We were blown away at the intentionality and care put into providing support to young people at the Children’s Pavilion. And we were also curious about what happened when a young person left the facility and went back home and into their community. What does the follow through and continuum of care look like at a time when mental health services for young people are scarce and providers have long waiting lists? Jack shared that in addition to community partnerships and referrals, CHKD has five locations in surrounding communities to provide outpatient therapy, intensive outpatient care, and partial hospitalization services. Continuity of care is deeply important, so CHKD clinicians and social workers ensure that there is a discharge plan in place and do their best to connect children to community-based support as needed.  

But as we are seeing across the Commonwealth, there are still barriers to ensuring all children have access to mental health care in their communities. CHKD is not immune from the challenges we are seeing across the mental health field, including struggling to fill enough positions to have a robust workforce that meets the immense need and navigating reimbursement rates that do not accurately reflect how much it costs to provide care.  

As the Virginia Health Care Foundation points out in their Assessment of the Capacity of Virginia’s Licensed Behavioral Health Workforce, we suffer from a severe shortage of child and adolescent psychiatrists and 3.2 million Virginians live in a federally-designated Mental Health Professional Shortage Area. CHKD is fortunate to have been able to hire 17 child and adolescent psychiatrists for the Children’s Pavilion, but they still face barriers with insurance credentialing and reimbursement rates. They acknowledged how restrictive the regulations have been regarding who can provide care and who can get paid for providing the care—for example, there are complicated billing processes for residency and counseling students who are working towards licensure. Voices was proud to share that there was legislation passed during the 2023 General Assembly session (HB 2262) to streamline insurance credentialing and remove administrative barriers to new clinicians getting paid in a timely manner through managed care insurance organizations (MCOs).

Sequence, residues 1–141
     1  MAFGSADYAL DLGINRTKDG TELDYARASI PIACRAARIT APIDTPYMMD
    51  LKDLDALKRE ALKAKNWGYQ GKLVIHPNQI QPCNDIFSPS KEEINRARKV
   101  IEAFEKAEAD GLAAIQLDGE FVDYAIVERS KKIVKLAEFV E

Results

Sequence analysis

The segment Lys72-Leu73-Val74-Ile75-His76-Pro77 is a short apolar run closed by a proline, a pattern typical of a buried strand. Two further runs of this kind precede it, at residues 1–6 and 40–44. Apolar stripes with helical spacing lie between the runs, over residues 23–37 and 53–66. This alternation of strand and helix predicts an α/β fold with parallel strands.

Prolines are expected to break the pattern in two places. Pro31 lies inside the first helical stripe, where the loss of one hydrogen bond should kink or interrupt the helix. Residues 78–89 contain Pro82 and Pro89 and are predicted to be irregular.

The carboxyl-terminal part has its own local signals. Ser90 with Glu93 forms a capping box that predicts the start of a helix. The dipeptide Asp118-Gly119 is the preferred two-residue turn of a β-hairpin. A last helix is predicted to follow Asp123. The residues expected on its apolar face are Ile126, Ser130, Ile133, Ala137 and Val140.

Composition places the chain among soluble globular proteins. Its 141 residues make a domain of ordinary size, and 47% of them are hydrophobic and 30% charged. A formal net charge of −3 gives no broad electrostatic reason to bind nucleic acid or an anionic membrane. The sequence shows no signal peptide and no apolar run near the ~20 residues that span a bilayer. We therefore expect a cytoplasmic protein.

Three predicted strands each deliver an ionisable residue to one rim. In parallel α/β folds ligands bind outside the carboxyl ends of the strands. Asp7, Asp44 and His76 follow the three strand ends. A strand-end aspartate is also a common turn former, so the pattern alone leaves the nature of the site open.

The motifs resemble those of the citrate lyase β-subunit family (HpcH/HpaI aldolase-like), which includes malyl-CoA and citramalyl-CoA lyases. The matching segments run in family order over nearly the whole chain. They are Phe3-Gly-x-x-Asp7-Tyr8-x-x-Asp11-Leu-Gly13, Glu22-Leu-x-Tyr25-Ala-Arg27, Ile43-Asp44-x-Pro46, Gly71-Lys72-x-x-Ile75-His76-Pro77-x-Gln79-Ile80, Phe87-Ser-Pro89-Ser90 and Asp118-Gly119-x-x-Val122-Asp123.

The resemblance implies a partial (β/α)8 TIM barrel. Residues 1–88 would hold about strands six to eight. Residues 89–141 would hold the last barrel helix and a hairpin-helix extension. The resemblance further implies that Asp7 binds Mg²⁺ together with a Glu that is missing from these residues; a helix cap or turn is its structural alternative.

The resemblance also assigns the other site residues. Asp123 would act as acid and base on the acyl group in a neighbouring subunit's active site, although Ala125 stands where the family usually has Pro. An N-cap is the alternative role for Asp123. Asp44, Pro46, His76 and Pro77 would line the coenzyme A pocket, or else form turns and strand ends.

Takeaways and Hopes for the Future 

Voices’ CEO Rachael shared that this visit was inspiring to her as a professional, but even more so as a parent. At a time when Virginia ranks 48th in the nation for youth mental health, we find hope in the collective efforts to transform the way Virginia provides mental health care to young people. We also know that there is a long road ahead until we have a truly comprehensive continuum of mental health care across the state. This path forward is one that requires investment from our state lawmakers and our localities, and one that allows us to look beyond the current system to reimagine what is possible and create a world where children and youth can thrive. 

We have a roadmap to transform our behavioral health system through expanding school-based mental health services, investing in more youth-serving community crisis supports, and supporting the workforce in our Community Services Boards and private providers. We also have a commitment from our Governor and bipartisan support from state lawmakers to invest a historic amount of funding into transforming this system. We are hopeful that we will soon see a final budget that acknowledges the importance of these investments and puts young people’s mental health needs at the forefront. When the investments are made, we look forward to seeing many of these healing elements that we saw firsthand at CHKD be incorporated into the implementation of new and expanded services across the Commonwealth.